Skip to Content

Cabrillo National Monument

Cabrillo National Monument in San Diego marks the spot where explorer Juan Rodriguez Cabrillo first stepped foot on the West Coast of the United States in 1542. This National Monument features historical sites, historical exhibits and artifacts, maritime collections, Junior Ranger activities, and more.

In addition to the historical information available here, there are plenty of outdoor opportunities to explore including walking trails, tide pools, birding, and whale watching.

Cabrillo National Monument

Cabrillo National Monument Details

Address: 1800 Cabrillo Memorial Drive, San Diego, CA 92106
Phone: 619-523-4285
Fees: Entrance fee per vehicle or per walker
Operating Hours: Open Daily from 9AM – 5PM
Dogs: Not permitted in park, with the exception of the Coastal Trail on Cabrillo Road.

Things To Do At Cabrillo National Monument

  • Take a self guided tour of the Old Point Loma Lighthouse, dating back to the 1880s. The Old lighthouse is one of the original 8 lighthouses on the west coast.
  • Step inside the assistant keepers quarters and see other informative exhibits.
  • Explore the exhibits and artifacts at the Visitor Center.
  • Visit the World War II Radio station and see the military history exhibit, “They Stood Watch”.
  • Whale watching from the point. The best time to look for whales here is during January when Pacific Gray whales are on their annual migration. The Whale overlook has telescopes, shaded areas, and informative sign displays with info about whales.
  • Head down to shoreline to explore the tidepools.
  • Talk a walk or hike on the trails.
  • Come for the Cabrillo Festival at the end of September for reenactments of the arrival of Cabrillo, demonstrations, performances, and activities.
Cabrillo National Monument Old Point Loma Lighthouse

Trails To Explore

Bayside Trail – Open everyday rom 9AM to 4PM, the Bayside Trail is a 2.5 mile round trip trail that offers scenic coastal views. You can also see the bunkers, whale lookout, lighthouse, tidepool area, Ballast Point, Coronado Bridge and many other sights. The path includes a self guided tour with descriptive signage. Keep an eye out for the searchlight shelter and the 1919 power plant.

Coastal Trail – The Coastal Trail is a short one mile round trip hike that runs along the coastal bluffs near the shoreline and leads down to the tidepools. You’ll see amazing views, plus you’ll see one of the remaining underground searchlight shelters installed by the military during WWII. This is an uneven, unpaved trail with several stairs, and strollers are not recommended here.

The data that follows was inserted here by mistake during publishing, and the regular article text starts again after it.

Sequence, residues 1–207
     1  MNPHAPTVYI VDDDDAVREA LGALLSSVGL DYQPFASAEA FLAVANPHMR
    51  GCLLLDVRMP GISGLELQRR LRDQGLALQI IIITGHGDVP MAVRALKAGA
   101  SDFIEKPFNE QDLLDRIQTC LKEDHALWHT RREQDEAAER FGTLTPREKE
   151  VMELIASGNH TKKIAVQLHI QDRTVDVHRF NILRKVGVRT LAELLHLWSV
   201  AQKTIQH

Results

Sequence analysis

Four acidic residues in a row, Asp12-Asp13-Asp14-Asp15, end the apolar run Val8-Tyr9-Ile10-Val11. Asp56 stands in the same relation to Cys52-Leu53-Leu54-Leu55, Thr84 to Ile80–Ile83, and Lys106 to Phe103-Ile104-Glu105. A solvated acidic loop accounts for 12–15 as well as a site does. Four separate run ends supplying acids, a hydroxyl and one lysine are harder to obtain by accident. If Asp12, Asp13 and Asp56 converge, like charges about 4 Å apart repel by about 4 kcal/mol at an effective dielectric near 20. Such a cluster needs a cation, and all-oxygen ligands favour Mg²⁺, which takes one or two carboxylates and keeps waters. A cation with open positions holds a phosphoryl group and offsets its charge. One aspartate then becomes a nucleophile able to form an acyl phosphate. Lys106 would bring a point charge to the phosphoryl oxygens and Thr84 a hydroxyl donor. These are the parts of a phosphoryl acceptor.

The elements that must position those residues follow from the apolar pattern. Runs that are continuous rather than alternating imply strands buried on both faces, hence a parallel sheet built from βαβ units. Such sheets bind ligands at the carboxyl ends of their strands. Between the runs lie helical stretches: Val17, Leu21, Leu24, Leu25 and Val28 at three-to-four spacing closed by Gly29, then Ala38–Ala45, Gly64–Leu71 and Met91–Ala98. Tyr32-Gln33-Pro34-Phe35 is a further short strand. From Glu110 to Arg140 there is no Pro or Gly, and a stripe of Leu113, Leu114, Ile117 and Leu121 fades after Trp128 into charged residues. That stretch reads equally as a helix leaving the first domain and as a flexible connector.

History of Cabrillo National Monument

After three months at sea, Cabrillo and his crew set anchor at this point along the shore of San Diego Bay. Here, it is believed that Indigenous California tribes first came into contact with Europeans. Cabrillo spent just six days here in the harbor before continuing his expedition. According to Cabrillo’s notes, he named the area San Miguel, and called the area “a closed and very good port”.

Sitting 422 feet above sea level sits the Old Point Loma Lighthouse. Construction of the Cape Cod-style lighthouse began in 1854 and it was officially put into service in 1855 using the newly developed Fresnel Lenses. Point Loma was in operation for nearly 36 years, until a new Point Loma Light Station was developed in 1891 at a lower elevation. The old lighthouse served many purposes through it’s lifetime including a radio and signal tower, Army post exchange, visitor center, and tea house. The structure was rehabilitated for preservation in 1933 when it became part of Cabrillo National Monument.

Old Point Loma Lighthouse Lens
Old Point Loma Lighthouse Lens

Many years later, the Point Loma Peninsula, where Cabrillo previously anchored, became militarily significant. The area became a military reserve in 1852. Fort Rosecrans was dedicated in 1899 by the War Department, and a series of gun batteries were built, with additional facilities serving as coastal and harbor defense systems during the World Wars, and the Army constructed searchlight bunkers, fire control stations, and additional gun batteries between 1918 and 1943. The Old Point Loma Lighthouse was painted olive green and used as a command post and radio station. As you explore Cabrillo National Monument, you’ll be able to see the remains of many of these military installations, including a radio station with the exhibit, “They Stood The Watch”, which tells the story of the monuments remains.

Find More National Parks In California

Related Articles

Historic Sites in Orange County30 Cities in California for a 3-Day Vacation
San DiegoOld Town San Diego State Historic Park
Best State Parks In CaliforniaBest California National Parks
Heidi Deal
Heidi Deal is the author of the Newcomers Handbook to Living In Los Angeles & Orange County, and a children’s book author specializing in history and human rights. When she's not writing you can find her solo hiking and going on new adventures with her kids and pup.